FT. LAUDERDALE, Fla. -- I'm told there will in fact be a football game played here at some point, but in the meantime ... one more set of press conferences!
Oklahoma coach Bob Stoops and Florida coach Urban Meyer met with the media Wednesday morning prior to Thursday night's BCS National Championship Game. You may have already read that Meyer commended the coaches of USC, Utah and Texas for stating their cases for No. 1 votes ("That's absolutely what they should do," he said). Here were some other highlights:
• Meyer said that "... if we had to play this game any earlier than January 8, I don't think we'd have a chance to win because of our injury situation. We lost four players in that [Dec. 6] Alabama game, and Percy Harvin and [DT] Brandon Antwine didn't play. The good thing is, [on Thursday] we should be pretty healthy."
That's not the only reason he's happy for the later game date. "It's great for recruiting," he said. "Every night you walk home, flip [the TV] on, there's a commercial for the Gators. "
• Meyer has stressed on numerous occasions this week the importance of Florida's kick and punt teams pinning Oklahoma as deep as possible in its own territory, and that the Gators have worked harder on kick coverage the past three weeks than in any other bowl game. "This game is all about making a team drive the length of the field and not giving them the short ones," he said.
On the season, the Gators ranks ninth nationally in punt-return coverage and 88th nationally in kick-coverage defense, which could be a problem. Florida doesn't normally punt that often.
• Oklahoma has equal reason for concern. For one thing, its top kick returner, DeMarco Murray, is out for the game, and the Sooners' kick-coverage woes have been well-documented. They rank 105th nationally in that department -- and they'll be kicking to one of the most dangerous return guys in the country, Brandon James.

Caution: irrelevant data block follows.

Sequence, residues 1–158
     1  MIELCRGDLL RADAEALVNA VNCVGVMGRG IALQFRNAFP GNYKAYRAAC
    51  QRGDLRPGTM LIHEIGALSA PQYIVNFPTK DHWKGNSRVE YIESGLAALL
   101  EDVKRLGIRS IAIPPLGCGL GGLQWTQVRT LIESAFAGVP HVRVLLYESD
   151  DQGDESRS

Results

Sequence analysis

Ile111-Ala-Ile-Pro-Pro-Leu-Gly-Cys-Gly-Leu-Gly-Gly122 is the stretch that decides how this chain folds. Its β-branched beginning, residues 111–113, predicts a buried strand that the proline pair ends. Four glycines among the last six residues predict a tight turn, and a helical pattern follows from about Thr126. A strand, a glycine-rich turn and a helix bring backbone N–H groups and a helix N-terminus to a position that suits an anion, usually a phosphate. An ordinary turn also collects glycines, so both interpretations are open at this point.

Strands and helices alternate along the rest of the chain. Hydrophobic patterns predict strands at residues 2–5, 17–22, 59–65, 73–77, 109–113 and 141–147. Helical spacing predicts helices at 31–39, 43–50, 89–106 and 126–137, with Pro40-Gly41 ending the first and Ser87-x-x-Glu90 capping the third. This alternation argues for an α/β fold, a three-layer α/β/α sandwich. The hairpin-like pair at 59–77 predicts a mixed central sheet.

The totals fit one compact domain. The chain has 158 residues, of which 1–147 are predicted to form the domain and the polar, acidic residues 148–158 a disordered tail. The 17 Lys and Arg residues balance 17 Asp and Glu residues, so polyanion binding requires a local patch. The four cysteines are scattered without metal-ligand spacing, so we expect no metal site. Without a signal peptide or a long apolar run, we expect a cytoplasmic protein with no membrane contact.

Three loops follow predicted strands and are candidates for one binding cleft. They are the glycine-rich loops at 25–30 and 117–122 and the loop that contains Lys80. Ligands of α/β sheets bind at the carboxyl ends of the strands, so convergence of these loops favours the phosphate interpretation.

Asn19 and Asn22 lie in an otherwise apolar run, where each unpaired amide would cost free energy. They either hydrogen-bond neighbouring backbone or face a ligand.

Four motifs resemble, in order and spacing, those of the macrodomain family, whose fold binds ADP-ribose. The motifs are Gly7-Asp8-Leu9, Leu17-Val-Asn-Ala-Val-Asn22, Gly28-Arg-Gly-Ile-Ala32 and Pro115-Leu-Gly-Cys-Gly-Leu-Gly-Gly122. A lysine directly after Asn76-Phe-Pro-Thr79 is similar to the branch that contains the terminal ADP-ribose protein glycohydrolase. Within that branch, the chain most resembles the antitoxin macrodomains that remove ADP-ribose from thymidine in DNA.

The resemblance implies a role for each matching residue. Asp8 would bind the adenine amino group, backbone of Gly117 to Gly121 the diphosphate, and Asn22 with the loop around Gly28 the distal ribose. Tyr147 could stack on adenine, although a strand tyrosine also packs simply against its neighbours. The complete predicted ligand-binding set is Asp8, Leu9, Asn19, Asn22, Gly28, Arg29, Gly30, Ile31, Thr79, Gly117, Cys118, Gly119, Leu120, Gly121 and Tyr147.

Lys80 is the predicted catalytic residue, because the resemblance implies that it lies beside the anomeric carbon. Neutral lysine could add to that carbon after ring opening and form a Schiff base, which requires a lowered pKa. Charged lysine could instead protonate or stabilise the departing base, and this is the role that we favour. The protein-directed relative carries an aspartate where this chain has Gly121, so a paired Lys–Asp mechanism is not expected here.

"We hope we'll be able to execute and block people," said Stoops. "Juaquin Iglesias, Mossis Madu, those guys have been good returners for us. But it's a factor."
• I'm glad to see I'm not the only one who thinks the transformation of bowl season into a referendum on conferences' strengths has gotten a little ridiculous. "It just seems to be more of a theme every year," said Stoops. "There's a lot of comparing teams by conferences. I don't know, it just seems to be a good discussion."
• Speaking of which, Stoops had an interesting take on the great offenses/bad defenses debate regarding the Big 12. "I've been a long-time defensive coach, and I know a lot of times people thought our defense was a heck of a lot better than it was because we weren't playing against some offenses that were very good."
There's one other, unrelated note I feel I should bring up. Over the weekend, I wrote about the dismal TV ratings for the first three BCS games and attributed it, in part, to the recent spreading-out of games that used to be played on New Year's Day. Well, so much for that theory.
Monday night's Texas-Ohio State Fiesta Bowl -- the latest a non-championship BCS game has ever been played -- earned a staggering 11.6 overnight rating, the highest rating for a non-title game (outside of the Rose Bowl) since the Florida State-Penn State Orange Bowl three years ago. It's yet another example why the bowls will always select a 10-2 Ohio State over a 12-0 Boise State when given the opportunity.